Kaleidoscope, the mobile and desktop app which is the e-commerce equivalent to Pinterest’s fashion-focused boards, helps users – primarily women – not just find outfits they like, but actually purchase them. The company recently rolled out an updated version of its app which represents the first step towards an important, forthcoming feature: Kaleidoscope is moving into personalized recommendations for fashion.
What this means is that, going forward, Kaleidoscope won’t be just about randomly browsing through tops and skirts and handbags and shoes – it will begin to learn what it is you like.
This level of personalization is not live yet in the new version, to be clear – but it’s on the horizon. Initially, the company had to deepen its Facebook integration to start the process of developing the appropriate algorithms for personalization. In the earlier version, Kaleidoscope only had simple social media integration built in – users could browse and search through items then share to Facebook, Pinterest or Twitter. But in the new version, Kaleidoscope is pulling in users’ Facebook profile data to learn what they like in order to show them items similar to those they’ve expressed interest in.
Related to this improved Facebook integration is support for Facebook’s Open Graph, which will allow the app to automatically share things like “favoriting” items or looks, for example, back to Facebook.
Better support for Facebook isn’t just about addressing the need for more customized and personalized experiences, though. According to Kaleidoscope’s Director of Business Development, Sarah Kunst, Facebook users are also the most highly engaged. ”Pinterest is a great firehose of traffic, but the users don’t necessarily become weekly active or daily active users,” she says of the service’s second-largest source of referral traffic (the top being direct). “A Facebook users spends 50% more time on the site, and returns at a higher rate as well,” she adds.
For those unfamiliar with this company, Kaleidoscope is a mobile-first startup which launched on Android during this year’s Fashion Week in NY, later expanding to iPhone, web and Facebook. The latter two were added in order to better serve its demographic which Kunst admits is largely women shoppers. (It’s worth noting, however, that the company did experiment with men’s fashion during this year’s Coachella music festival.) Essentially a visual search engine for fashion, the app pulls in items sourced from fashion bloggers, photographers, and the databases of many major Internet retailers (e.g. Macy’s, Nordstrom, Net-a-porter, Saks, Neiman Marcus, Bergorf Goodman, Shopbop, etc.) and even some smaller ones. While those retailers are not partners, the company has teamed up with companies like Condé Nast and AOL (disclosure, TechCrunch corporate parent) for special events like Fashion Week, in addition to doing its own original photography in some cases.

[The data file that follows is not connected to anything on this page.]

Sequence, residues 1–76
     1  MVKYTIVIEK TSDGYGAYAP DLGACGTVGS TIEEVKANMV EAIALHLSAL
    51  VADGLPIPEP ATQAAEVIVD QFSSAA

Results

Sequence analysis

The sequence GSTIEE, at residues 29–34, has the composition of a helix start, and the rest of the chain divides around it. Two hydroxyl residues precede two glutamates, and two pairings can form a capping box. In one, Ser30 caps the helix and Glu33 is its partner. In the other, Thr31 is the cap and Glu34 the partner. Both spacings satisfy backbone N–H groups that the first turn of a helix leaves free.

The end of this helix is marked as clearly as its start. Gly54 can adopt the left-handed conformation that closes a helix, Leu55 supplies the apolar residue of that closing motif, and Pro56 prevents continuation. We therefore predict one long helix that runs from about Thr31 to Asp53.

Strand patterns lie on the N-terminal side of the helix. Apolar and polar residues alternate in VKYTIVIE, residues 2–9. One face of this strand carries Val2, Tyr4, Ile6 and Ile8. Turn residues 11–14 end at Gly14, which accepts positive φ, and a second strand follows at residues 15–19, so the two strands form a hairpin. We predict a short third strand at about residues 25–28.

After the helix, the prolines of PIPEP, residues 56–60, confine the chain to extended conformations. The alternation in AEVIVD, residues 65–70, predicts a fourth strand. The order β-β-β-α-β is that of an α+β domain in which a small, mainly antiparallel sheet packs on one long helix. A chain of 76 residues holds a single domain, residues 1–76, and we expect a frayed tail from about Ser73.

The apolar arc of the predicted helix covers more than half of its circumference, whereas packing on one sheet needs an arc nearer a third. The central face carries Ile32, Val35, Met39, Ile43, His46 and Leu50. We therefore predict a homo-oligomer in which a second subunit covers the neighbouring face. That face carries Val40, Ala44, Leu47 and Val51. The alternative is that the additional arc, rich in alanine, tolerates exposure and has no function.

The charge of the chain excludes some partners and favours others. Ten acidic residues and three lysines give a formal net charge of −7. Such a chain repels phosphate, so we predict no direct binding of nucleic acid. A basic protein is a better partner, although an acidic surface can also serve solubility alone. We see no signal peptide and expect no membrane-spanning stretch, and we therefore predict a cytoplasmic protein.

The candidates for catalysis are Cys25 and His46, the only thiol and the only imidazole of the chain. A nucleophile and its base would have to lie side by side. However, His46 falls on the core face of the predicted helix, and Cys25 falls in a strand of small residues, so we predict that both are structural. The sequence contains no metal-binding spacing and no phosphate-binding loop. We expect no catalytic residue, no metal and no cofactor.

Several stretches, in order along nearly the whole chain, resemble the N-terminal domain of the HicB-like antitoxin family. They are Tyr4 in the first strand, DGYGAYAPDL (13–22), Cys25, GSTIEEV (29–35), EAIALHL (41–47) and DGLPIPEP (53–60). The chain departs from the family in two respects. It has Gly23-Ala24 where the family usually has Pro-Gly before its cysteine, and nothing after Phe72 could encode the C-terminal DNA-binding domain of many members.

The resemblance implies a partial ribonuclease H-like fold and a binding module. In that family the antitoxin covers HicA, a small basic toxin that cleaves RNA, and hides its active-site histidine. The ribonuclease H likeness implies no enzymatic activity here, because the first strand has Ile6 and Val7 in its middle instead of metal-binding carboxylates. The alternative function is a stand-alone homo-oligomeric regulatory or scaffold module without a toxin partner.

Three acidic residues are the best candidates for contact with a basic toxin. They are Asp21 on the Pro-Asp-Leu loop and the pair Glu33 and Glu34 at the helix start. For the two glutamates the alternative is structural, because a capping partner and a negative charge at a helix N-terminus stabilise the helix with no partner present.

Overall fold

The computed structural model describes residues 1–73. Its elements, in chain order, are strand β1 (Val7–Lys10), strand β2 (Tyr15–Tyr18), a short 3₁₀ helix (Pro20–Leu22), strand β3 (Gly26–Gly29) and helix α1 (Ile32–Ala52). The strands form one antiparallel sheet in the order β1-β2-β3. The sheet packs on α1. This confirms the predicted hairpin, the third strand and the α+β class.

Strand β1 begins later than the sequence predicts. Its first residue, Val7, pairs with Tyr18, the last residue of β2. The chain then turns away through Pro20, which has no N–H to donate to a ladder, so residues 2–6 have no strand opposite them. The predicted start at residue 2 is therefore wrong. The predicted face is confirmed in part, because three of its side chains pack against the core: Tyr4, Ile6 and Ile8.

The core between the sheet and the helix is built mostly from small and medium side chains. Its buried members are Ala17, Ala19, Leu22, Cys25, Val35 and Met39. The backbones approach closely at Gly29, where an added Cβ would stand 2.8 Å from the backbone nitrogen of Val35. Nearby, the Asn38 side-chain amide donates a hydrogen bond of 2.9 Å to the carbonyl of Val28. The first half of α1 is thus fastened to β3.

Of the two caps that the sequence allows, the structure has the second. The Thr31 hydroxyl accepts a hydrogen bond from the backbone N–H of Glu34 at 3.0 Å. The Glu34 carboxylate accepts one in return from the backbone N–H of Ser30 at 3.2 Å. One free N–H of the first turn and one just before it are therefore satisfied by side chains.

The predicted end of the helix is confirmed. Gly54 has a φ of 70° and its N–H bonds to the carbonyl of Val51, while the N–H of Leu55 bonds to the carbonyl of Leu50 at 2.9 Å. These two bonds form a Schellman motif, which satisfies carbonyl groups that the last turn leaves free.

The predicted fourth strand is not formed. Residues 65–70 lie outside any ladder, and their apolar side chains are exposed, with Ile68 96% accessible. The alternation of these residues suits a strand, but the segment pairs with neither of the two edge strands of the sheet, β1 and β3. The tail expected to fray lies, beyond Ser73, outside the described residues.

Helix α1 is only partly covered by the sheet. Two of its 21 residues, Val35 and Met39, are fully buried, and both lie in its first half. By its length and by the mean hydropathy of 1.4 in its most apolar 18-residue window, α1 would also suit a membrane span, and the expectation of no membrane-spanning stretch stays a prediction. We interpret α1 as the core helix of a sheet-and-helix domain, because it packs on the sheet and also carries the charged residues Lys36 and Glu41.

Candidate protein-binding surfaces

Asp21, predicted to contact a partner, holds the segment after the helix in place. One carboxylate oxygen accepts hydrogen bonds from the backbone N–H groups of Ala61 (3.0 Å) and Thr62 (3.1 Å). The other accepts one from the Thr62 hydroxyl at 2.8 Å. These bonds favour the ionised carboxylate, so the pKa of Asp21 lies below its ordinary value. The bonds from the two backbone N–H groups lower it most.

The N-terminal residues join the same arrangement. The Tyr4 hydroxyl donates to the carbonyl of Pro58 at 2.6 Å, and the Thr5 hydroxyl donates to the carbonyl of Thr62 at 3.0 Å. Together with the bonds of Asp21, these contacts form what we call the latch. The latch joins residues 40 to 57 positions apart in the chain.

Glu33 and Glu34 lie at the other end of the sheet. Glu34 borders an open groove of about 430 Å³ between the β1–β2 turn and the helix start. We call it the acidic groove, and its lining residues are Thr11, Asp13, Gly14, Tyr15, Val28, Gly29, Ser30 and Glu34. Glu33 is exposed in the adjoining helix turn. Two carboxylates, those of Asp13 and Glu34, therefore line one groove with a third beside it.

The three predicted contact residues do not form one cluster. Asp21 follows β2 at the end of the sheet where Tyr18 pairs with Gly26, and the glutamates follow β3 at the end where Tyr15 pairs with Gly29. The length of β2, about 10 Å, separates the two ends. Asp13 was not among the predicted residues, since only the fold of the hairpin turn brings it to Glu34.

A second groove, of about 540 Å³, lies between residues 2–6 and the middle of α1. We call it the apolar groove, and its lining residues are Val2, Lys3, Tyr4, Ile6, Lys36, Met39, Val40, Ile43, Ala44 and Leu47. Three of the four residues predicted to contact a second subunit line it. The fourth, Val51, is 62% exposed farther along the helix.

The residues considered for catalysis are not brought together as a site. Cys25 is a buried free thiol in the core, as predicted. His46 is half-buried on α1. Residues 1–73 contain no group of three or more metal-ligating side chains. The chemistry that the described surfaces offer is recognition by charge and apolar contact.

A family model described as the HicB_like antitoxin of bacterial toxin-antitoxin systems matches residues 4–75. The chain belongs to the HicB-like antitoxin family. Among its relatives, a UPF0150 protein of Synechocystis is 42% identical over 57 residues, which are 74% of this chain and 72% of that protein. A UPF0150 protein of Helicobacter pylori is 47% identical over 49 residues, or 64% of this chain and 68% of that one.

Inporia, which operates the Kaleidoscope app, was founded by Max Skibinsky, a social gaming vet, who sold his company Hive7 to Playdom in 2010, and Ryan Junee, an advisor to 500 Startups, StartMate, co-founder of Omnisio (later acquired by Google), and former Product Manager at YouTube. Currently a small team of four, the company raised $1.25 million in seed funding last year from NEA, SV Angel, 500 Startups, Clearstone Venture Partners, Southern Cross Venture Partners, Ignition Partners, Y Combinator, Start Fund, and others.
With the rollout of the updated iOS app last week, which hit the “New & Noteworthy” list in North America, like its localized counterpart did in parts of Latin America, Kunst says 60% of users have shopped products in the app overall, and 80% of desktop users have done the same. Pinterest sharing is also up by over 80% since last Thursday’s v2 debut. The company isn’t providing raw download numbers or details of conversions (as tracked via its affiliate programs) at this time.
Inporia’s current product is Kaleidoscope - a inspiration ecommerce app and widget. Kaleidoscope launched on Android in Feburary 2011 and was made available for the iPhone in April 2011. It’s the first in what promises to be a series of ecommerce-driven apps from parent company Inporia. The four-person company was started by Ryan Junee, a serial entrepreneur who co-founded Omnisio (acquired by Google in 2008) and serves as a mentor to 500 Startups and StartMate, and Max Skibinsky. Sarah...